A Field Guide to Lies is a recent book by Daniel J. Levitin. The subtitle is “Critical Thinking in the Information Age.” This information age is embedded in an age of lies. Hence Levitin’s book is most timely. One of Levitin’s previous books is “The Organized Mind.” This book was reviewed in previous healthy memory blog posts. To find relevant posts enter “Levitin” into the search box of the healthy memory blog.
The importance of being able to think critically in this age of lies cannot be overestimated. The first part of “A Field Guide to Lies” is titled “Evaluating Numbers.” Here he discusses the role of plausibility in the assessment of numerical values. They should be read critically and subjected to sanity checks. He has a section titled “Fun with Averages” which illustrates how averages can be used to mislead. Similar tricks can be done with graphs, which he addresses in a section titled “Axis Shenanigans.” There are hijinks in how numbers are reported that need to be understood if one is to think critically. Shenanigans and hijinks can occur early on when the numbers are collected. As virtually all information is probabilistic, probabilities need to be understood. People need to be able to think probabilistically, and Levitin provides advice as to how to proceed.
Part Two is titled “Evaluating Words.” It begins by discussing how we know. Particularly in this age of misinformation and of organizations whose mission it is to mislead, it is important to identify expertise. It is also important to identify potential motivation behind a given expertise. A common failure is not to consider alternative explanations, and when they are considered, to undervalue them. The final section in Part Two is titled Counterknowledge. HM thinks that this section might have the wrong title. Although most certainly there is legitimate counterknowledge, today counterknowlede is often a set of well-conceived and well-designed lies. Very frequently, these lies are outlandish, but yet they are still believed.
Part Three is titled “Evaluating the World.” The best way of evaluating the world is with science. Consequently, “How Science Works” is the title of the first section. The section on logical fallacies is HM’s favorite. For many years HM has been annoyed at Dr. Watson’s asking Holmes how did he deduce something or other. Apparently, Arthur Conan Doyle did not understand what deduction is. Deduction is drawing a correct conclusion from a set of premises. But this is not what Holmes did. Holmes used abduction to solve crimes. That is, he came up with a conjecture or hypothesis, which he then proved through evidence.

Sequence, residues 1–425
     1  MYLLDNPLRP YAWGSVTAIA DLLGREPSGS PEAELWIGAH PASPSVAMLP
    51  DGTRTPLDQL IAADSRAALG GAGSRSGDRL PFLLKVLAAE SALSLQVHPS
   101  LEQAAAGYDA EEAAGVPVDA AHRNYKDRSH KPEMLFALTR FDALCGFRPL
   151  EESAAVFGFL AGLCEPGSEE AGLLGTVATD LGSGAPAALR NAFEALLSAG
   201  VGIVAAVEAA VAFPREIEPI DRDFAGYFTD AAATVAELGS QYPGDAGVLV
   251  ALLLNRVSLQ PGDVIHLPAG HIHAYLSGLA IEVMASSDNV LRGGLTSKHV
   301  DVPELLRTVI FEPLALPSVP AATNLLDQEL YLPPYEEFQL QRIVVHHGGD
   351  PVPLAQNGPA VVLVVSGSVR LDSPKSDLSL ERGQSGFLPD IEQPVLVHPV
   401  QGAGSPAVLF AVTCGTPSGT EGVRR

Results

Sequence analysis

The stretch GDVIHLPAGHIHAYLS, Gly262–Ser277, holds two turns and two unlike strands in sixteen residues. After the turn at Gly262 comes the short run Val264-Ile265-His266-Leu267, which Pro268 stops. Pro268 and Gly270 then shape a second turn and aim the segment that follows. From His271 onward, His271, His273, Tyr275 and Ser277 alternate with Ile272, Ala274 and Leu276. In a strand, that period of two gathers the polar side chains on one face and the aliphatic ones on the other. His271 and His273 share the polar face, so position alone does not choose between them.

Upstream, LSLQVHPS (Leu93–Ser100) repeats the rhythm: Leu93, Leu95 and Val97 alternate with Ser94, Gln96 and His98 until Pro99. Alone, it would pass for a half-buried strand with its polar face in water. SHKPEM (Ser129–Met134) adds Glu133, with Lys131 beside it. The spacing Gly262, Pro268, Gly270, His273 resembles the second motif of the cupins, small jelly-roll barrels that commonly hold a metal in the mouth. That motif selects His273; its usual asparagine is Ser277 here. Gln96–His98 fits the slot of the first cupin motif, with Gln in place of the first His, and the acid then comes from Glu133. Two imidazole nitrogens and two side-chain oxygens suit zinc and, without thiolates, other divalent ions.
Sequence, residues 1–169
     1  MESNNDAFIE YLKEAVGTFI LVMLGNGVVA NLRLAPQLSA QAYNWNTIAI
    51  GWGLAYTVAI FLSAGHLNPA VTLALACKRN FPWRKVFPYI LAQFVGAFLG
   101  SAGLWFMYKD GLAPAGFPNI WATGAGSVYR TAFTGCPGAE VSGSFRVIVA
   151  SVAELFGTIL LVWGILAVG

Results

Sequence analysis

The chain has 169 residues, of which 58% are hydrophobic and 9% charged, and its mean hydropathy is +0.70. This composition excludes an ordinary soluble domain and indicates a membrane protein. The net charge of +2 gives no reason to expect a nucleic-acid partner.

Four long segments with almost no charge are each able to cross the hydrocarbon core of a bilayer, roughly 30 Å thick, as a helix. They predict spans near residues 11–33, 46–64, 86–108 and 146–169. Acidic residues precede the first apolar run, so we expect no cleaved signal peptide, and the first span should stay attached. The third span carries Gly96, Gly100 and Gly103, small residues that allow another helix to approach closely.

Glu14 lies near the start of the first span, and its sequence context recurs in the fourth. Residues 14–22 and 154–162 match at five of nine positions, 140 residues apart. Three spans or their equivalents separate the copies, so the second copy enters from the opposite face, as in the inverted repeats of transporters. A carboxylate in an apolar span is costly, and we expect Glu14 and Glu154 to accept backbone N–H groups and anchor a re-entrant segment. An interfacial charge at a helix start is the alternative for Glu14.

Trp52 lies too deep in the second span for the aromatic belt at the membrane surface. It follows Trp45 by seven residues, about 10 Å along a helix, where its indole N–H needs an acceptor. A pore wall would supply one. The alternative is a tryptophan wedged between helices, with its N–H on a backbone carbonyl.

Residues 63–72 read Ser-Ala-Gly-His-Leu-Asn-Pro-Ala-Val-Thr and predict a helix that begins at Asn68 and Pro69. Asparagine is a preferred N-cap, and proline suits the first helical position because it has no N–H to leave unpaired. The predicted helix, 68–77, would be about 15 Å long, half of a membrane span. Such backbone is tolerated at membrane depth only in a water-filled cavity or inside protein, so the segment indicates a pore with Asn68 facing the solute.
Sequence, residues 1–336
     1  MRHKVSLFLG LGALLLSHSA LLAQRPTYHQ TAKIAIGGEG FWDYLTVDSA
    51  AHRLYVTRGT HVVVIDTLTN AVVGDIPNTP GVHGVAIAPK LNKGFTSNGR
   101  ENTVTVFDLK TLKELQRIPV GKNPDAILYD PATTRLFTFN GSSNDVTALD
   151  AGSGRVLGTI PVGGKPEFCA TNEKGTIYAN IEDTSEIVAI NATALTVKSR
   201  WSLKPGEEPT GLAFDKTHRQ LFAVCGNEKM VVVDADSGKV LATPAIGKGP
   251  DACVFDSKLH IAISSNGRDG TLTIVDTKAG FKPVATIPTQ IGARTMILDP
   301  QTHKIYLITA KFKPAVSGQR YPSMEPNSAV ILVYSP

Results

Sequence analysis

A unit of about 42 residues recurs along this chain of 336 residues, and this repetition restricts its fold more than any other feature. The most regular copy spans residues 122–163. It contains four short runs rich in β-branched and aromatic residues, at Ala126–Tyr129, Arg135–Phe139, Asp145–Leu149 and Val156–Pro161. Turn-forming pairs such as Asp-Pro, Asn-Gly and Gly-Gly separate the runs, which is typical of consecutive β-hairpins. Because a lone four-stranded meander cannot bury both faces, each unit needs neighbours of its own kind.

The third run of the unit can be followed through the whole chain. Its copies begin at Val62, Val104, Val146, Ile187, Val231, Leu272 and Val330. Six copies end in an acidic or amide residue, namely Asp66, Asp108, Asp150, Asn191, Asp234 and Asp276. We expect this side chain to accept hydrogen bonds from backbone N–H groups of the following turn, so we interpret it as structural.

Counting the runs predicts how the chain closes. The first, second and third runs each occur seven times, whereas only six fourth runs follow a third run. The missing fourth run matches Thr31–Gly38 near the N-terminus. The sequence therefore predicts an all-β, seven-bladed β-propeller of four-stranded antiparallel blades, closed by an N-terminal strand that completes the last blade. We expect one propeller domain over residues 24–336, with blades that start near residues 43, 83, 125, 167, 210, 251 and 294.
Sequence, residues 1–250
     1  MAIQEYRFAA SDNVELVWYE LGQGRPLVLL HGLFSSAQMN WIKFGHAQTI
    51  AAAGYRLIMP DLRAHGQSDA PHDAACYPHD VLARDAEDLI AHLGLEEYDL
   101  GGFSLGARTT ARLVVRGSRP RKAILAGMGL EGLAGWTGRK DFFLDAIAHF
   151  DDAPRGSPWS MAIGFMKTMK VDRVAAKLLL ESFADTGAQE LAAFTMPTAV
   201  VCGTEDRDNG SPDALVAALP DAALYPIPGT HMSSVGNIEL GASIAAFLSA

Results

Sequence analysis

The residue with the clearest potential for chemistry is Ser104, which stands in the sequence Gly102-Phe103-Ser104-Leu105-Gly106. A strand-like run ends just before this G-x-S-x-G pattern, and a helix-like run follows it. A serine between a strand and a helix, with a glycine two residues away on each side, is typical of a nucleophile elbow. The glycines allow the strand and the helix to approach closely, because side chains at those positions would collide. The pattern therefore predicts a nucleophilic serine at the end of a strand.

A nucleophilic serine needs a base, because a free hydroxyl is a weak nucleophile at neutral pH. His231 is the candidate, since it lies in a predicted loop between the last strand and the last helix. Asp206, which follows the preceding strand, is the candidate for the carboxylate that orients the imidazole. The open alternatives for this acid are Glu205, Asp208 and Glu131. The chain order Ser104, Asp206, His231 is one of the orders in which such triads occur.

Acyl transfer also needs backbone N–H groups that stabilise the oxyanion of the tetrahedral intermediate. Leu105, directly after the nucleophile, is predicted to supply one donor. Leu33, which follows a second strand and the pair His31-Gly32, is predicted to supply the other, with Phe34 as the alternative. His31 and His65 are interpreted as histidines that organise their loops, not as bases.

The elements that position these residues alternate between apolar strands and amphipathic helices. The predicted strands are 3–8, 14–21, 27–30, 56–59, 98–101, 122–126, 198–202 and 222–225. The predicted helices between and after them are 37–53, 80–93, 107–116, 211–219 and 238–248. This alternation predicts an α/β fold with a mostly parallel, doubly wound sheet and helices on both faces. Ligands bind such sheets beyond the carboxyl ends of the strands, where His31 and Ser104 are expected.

Knowing what you don’t know is another subsection of Evaluating the World. Remember Rumsfield, “…as we know, there are known knowns; there are things we know we know. We also know that there are known unknowns; that is to say we know there are some things that we do not know. But there are also unknown unknown’s—the ones that we don’t know we don’t know.” To these statements Levitin adds, “A final class that Secretary Rumsfeld didn’t talk about are incorrect knowns—things that we think are so, but aren’t. Believing false claims falls into this category. One of the biggest causes of bad, even fatal, outcomes is belief in things that are untrue.” To this, HM would add, that most of what we know is probabilistic, not absolute, and this complicates the thinking processing further.
Bayesian thinking is needed. Levitin discusses Bayesian thinking in Science and Court, and illustrates this thinking with Four Case Studies. However, Bayesian thinking is not restricted to just Science and Court. It should be part of our daily thinking. Fortunately Levitin dedicates an appendix to the Application of Bayes’ Rule.
Levitin’s book provides a good introduction to critically thinking. Unfortunately we live in an era where lying is epidemic and lying has become a business. The next post is titled “Lies Incorporated.”
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